As new construction continues to rise at Lake Nona — including a trio of high-rise apartment buildings, a Disney office complex for roughly 2,000 employees and the future national headquarters of a Dubai-based air and travel company— Tavistock Development Company is preparing for even more growth near the Orlando International Airport.
The developer has submitted a request to the city of Orlando seeking approval of a revised long-term plan that’ll guide development over the next 40 years.
In its proposal, Tavistock is seeking entitlements for an additional 7,225 housing units, in addition to the 13,592 currently approved for the area.
In addition to the promise of more housing units, it includes a greater emphasis on attracting retail options and corporations, particularly within the aviation and aerospace sector.
The current development plan for Lake Nona dates back to the early 1980′s, when the land was occupied by a golf course, citrus groves and cattle fields. At that time, it was viewed as a suburban, rural location.
A lot has changed.
“We are adjusting to a model that is looking to be more dense than previously envisioned in the early 1980s,” Jessi Blakley, Tavistock’s Vice President told GrowthSpotter. “As a thriving city within a city, there’s a lot of opportunity for growth across the board.”
After purchasing its first tract of land in 1996, Tavistock would eventually acquire a total of 11,000 acres. In doing so, it also inherited long-term permitted plans for the construction of 13,592 housing units, 2,250 hotel rooms and 7.6 million total square feet of airport support space. The original entitlements granted to Tavistock by the city also included 1.8 million square foot of retail space and 1.2 million square foot of office space.
Today, the area is the top-selling residential community in Orange County, adding 685 rooftops in 2021. Last year the community ended the year ranked 18th among the fastest-growing master-planned communities in the nation, according to RCLCO. In 2021, the area got another economic boost with the arrival of the UCF Lake Nona Hospital.
But as Central Florida continues to grow, Tavistock is exhausting all of the original land entitlements it’s permitted. Not counting 2,739 acres of conservation land that cannot be developed, Tavistock is currently with 1,500 acres of vacant property near the town center that can be built on but doesn’t come with an entitlement.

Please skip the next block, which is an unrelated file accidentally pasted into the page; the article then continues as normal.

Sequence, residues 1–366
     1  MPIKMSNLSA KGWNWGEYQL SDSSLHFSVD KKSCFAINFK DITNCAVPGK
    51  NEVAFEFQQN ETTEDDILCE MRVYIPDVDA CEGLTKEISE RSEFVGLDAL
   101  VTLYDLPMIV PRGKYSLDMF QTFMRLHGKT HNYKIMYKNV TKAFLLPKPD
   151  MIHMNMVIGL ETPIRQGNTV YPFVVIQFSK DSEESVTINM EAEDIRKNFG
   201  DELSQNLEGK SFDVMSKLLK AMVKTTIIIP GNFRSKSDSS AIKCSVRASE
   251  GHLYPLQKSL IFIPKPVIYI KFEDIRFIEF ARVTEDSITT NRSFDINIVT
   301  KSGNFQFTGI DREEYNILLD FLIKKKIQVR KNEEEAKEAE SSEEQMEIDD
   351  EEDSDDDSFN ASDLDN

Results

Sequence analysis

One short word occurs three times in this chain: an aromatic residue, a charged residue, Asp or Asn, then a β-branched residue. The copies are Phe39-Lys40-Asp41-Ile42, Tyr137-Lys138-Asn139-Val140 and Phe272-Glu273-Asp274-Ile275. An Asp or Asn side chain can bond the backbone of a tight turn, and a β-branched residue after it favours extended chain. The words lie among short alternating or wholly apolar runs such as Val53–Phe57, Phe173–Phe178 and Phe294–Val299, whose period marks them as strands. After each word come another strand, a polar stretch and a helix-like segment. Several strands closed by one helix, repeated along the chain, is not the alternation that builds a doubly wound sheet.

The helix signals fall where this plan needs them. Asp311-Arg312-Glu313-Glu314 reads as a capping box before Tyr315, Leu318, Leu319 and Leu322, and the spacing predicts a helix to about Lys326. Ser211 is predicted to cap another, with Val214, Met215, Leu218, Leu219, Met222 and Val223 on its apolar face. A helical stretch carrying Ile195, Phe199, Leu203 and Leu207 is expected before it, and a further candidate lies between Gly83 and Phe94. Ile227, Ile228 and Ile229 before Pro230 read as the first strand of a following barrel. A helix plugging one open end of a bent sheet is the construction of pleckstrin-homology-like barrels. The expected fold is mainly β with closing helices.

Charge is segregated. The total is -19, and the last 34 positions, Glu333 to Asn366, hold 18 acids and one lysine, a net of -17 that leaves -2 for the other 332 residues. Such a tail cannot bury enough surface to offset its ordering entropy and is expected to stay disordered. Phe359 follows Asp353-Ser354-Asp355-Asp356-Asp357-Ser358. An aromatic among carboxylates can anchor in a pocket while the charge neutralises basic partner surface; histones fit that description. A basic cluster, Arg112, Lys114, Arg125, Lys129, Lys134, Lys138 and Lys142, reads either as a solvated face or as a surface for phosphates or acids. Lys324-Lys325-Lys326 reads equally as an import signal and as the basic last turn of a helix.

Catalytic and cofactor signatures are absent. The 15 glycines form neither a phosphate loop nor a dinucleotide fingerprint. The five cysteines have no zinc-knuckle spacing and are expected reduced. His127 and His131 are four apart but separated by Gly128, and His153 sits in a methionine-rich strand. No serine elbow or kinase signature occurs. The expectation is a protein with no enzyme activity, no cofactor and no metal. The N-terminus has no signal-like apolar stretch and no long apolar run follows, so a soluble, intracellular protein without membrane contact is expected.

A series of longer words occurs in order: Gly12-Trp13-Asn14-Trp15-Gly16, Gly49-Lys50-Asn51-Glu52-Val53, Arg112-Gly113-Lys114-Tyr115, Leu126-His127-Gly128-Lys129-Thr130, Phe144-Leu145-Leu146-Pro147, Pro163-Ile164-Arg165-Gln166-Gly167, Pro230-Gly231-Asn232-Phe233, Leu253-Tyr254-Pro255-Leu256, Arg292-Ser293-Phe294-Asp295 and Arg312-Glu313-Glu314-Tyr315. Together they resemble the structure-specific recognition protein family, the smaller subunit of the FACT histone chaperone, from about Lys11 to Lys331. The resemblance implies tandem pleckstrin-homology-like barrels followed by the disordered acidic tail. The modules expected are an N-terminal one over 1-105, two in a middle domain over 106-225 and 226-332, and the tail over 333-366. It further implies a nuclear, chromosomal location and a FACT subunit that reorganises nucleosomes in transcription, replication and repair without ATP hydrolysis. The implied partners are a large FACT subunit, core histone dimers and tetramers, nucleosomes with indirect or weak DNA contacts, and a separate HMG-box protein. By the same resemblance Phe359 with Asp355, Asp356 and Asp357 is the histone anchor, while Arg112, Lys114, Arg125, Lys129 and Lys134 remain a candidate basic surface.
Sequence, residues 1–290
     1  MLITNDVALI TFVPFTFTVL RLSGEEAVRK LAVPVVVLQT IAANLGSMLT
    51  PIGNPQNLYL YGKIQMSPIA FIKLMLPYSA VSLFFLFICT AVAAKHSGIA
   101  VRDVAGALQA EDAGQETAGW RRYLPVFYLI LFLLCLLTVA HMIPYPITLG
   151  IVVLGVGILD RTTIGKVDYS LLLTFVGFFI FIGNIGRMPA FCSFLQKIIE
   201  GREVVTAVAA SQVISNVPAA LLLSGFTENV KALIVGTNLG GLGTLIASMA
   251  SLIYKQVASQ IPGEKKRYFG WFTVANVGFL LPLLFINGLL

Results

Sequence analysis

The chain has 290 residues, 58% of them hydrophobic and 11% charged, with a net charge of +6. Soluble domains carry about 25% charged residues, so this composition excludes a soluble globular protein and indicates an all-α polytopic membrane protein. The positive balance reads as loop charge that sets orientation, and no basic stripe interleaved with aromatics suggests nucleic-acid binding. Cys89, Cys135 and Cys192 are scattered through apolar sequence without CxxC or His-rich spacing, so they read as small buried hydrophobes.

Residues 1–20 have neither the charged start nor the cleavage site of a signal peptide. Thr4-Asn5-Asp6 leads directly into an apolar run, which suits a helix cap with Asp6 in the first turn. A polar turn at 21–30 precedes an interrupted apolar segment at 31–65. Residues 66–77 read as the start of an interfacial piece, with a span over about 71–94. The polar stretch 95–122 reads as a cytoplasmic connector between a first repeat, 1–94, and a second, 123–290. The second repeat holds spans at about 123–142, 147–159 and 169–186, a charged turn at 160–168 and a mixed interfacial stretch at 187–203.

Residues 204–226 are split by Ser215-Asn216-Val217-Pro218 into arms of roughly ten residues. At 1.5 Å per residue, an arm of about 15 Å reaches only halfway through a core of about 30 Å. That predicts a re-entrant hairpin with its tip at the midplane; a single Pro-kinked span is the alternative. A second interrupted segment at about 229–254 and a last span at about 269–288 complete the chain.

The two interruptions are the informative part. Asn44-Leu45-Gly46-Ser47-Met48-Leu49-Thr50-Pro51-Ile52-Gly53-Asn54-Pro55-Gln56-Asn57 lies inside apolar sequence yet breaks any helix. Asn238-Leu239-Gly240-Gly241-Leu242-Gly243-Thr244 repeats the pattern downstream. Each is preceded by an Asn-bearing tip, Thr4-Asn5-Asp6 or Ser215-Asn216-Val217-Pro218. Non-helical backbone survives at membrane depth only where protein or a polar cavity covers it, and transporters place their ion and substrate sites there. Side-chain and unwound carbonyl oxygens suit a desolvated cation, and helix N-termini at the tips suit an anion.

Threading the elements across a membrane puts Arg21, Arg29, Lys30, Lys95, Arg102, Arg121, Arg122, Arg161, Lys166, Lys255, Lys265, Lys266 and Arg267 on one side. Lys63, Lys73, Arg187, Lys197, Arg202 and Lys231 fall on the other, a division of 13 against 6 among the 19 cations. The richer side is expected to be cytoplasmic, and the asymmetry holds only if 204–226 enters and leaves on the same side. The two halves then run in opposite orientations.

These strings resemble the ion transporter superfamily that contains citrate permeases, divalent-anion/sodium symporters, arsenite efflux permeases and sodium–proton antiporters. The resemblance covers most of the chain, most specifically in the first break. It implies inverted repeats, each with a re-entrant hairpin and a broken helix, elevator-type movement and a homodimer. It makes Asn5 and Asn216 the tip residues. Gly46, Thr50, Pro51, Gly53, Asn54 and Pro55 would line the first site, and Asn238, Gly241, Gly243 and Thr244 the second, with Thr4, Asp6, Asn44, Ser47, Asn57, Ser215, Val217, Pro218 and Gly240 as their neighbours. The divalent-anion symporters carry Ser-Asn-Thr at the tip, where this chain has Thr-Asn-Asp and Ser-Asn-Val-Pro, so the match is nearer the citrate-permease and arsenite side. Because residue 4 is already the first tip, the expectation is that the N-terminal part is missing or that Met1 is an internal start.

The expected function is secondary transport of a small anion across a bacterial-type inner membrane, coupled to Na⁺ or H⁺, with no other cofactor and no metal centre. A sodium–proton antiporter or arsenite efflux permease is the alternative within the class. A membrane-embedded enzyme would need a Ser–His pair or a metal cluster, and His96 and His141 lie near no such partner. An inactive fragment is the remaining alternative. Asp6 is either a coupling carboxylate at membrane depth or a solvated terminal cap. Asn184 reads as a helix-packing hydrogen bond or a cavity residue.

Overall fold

That’s why the developer sent a request to the city aimed at amending the Lake Nona Planned Development so that necessary entitlements can be added “to ensure Lake Nona can continue to build out in a cohesive and sustainable manner over the next 40 years,” the document reads.
The application says that the region’s growth has caused Lake Nona to experience a surge in requests for industrial, retail, office, and residential product. The developer is calling for “a more modern and urban landscape that differs from the suburban design initially planned.”
“To meet this demand, future development will feature higher density areas and promote a live-work dynamic in a new, mixed-use district and in plans for the energetic Lake Nona Town Center that continues to attract the latest industry innovators and host some of the city’s most-attended events.” the application reads. “
“Looking ahead for the next 40 years, Tavistock wants to ensure Lake Nona can continue to grow in a way that’s smart and innovative with careful attention to architectural merit and uniqueness, while serving and benefiting residents and visitors,” the application says. “Careful planning allows Tavistock to be nimble and bring innovative ideas to life to Lake Nona. It also allows for appropriate infrastructure planning to ensure Lake Nona grows in a smart way that will enhance the area and best serve residents and visitors,” according to the application.